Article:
2017/37, 9 June 2017
Recently, there were a lot of questions as to why the Singapore Prime Minister was not present at the recent Belt and Road (BRI) Summit held in Beijing during 14-15 May 2017. This is especially when Singapore is located in the maritime silk road. Similar questions also direct to another two heads of Southeast Asian governments who were also left out: Brunei Darussalam and Thailand. While the case of Brunei is straightforward regarding its small impacts on the BRI, Thailand is unmistakably an important node especially in mainland Southeast Asia.
In the context of recent cordial ties between Thailand and China, the absence of Thai Prime Minister Prayut Chan-ocha from the BRI Summit has raised eyebrows among policy analysts, the media and members of the public in Thailand. The Thai Foreign Ministry has stated that Prayut’s no-show at the BRI Summit has no political implications. Foreign Minister Don Pramudwinai has reaffirmed Beijing’s appreciation of Bangkok’s support for the BRI. He has also explained that China has invited Prayut to another important event to be held later this year—the Ninth BRICS Summit in Xiamen. For these reasons, Prayut’s attendance at a summit in China was unnecessary at this time. Does this explanation make any sense?
Some political analysts believe that Praut’s absence from Beijing was due to Thailand’s insignificance in the BRI’s major plans. However, Thailand is part of the Indochina Corridor— one of six major economic corridors in BRI blueprint that will link southwestern China to Singapore. In practice, it is unimaginable why China wants to sideline Thailand in this international event. Thailand is undeniably an active player in mainland Southeast Asia and a long-term friend of Beijing. China should have understood that the exclusion of Prayut from the recent summit would cause Thailand to “lose face”.
There are in fact two possible reasons for that exclusion. The first is the delay in the Sino-Thai high-speed railway project. The project started in 2012, but the political situation in Thailand terminated the earlier deal due to parliamentary disapproval and Yingluck was ousted by the military coup in 2014. Despite Beijing’s endorsement of the military government in Bangkok, Thailand renegotiated the deal. It eventually announced it would finance the entire project domestically rather than with credit from China, although it would grant concessions to China for the construction of railways and the operation of trains. Yet there are still a number of unresolved issues on which the Chinese will not give. These include the use of Chinese workers and Chinese materials, which would contravene Thai laws and regulations.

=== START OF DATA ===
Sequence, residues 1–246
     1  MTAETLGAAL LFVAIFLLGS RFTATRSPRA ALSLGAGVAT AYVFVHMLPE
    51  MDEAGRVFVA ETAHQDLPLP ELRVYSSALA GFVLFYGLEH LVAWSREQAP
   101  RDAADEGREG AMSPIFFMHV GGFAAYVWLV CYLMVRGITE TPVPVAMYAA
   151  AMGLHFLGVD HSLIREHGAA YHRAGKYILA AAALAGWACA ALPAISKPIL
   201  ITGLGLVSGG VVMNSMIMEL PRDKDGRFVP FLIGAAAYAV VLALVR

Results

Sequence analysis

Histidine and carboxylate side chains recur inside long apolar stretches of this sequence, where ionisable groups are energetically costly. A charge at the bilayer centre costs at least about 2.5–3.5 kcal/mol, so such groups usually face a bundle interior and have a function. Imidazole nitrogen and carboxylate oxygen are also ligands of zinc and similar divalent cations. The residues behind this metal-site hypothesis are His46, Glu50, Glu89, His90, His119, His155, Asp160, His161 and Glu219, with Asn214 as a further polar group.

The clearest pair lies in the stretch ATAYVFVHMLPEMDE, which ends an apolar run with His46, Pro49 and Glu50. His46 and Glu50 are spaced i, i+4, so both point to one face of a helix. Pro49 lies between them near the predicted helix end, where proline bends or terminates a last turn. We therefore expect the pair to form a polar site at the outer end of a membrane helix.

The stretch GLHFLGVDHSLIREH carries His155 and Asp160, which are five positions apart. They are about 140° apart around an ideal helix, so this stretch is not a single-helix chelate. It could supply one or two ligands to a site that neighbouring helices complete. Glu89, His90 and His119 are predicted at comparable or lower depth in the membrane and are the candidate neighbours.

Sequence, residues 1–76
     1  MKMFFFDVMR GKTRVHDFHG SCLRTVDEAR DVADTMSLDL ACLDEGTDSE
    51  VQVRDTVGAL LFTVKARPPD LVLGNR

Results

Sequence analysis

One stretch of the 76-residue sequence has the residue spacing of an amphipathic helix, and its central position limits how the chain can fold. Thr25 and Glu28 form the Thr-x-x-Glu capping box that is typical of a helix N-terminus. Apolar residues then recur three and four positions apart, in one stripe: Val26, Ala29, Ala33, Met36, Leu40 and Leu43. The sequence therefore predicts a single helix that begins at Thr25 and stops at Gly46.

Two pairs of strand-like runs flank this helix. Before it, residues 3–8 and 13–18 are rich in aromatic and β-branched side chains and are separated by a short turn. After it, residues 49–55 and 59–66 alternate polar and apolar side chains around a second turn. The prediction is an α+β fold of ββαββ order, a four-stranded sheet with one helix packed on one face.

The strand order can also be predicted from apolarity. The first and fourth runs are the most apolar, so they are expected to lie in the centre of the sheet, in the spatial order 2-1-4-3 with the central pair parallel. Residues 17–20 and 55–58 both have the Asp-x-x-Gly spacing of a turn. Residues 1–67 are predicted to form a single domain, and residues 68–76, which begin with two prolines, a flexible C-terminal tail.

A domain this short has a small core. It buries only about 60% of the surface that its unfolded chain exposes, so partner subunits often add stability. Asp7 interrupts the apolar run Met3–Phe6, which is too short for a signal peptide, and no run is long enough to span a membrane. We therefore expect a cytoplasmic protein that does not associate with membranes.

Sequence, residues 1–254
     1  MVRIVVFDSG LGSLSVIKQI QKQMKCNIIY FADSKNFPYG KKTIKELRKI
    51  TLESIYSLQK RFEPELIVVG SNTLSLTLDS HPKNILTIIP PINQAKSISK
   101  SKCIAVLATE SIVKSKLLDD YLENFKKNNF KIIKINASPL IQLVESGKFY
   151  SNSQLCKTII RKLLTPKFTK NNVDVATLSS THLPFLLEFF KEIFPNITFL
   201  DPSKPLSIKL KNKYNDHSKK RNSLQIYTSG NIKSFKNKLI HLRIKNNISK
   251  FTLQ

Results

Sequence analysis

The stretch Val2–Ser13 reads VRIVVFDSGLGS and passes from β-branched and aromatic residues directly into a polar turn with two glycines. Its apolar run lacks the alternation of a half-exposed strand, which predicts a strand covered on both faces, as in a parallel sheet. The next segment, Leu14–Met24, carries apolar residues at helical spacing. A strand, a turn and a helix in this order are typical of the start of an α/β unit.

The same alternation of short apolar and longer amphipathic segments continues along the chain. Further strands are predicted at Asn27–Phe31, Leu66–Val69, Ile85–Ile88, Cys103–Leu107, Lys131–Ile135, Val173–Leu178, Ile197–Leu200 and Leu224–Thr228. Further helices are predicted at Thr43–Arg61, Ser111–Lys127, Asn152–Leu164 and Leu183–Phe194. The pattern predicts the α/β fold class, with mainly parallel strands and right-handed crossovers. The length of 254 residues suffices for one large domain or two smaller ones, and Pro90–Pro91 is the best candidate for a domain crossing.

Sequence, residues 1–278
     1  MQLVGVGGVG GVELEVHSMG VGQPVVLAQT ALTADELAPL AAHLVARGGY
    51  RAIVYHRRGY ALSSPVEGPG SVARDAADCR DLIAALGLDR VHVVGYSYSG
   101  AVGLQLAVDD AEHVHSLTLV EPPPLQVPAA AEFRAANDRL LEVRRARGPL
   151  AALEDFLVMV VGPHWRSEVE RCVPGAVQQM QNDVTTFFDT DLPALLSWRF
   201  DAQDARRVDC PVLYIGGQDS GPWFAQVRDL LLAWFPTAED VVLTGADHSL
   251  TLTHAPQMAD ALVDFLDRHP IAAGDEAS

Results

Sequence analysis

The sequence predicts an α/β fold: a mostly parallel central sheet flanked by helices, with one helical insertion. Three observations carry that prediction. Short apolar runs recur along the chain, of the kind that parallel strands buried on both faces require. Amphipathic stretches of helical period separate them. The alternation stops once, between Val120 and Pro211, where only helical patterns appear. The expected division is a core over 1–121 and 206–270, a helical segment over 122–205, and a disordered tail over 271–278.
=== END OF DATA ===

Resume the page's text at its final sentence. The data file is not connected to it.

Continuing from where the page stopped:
The second reason may be related to Prayut’s having accepted United States President Donald Trump’s invitation to visit the White House later this year. Beijing may want to signal Bangkok that it will not tolerate being treated as the second choice in Thailand’s diplomatic games. Similarly, the omission of Singapore’s leader from the BRI Summit has also suggested Beijing’s unhappiness with the city-state’s strategic posture in favour of Washington. These diplomatic snubs may suggest that China is departing from its “charm offensive” strategy and that it is now more willing to exercise political pressure explicitly when its interests are even indirectly affected. Southeast Asia states may need to craft a more careful hedging strategy in order to deal with the dissatisfied rising power.
Dr Pongphisoot Busbarat is Visiting Fellow at the Thailand Studies Programme at ISEAS – Yusof Ishak Institute.
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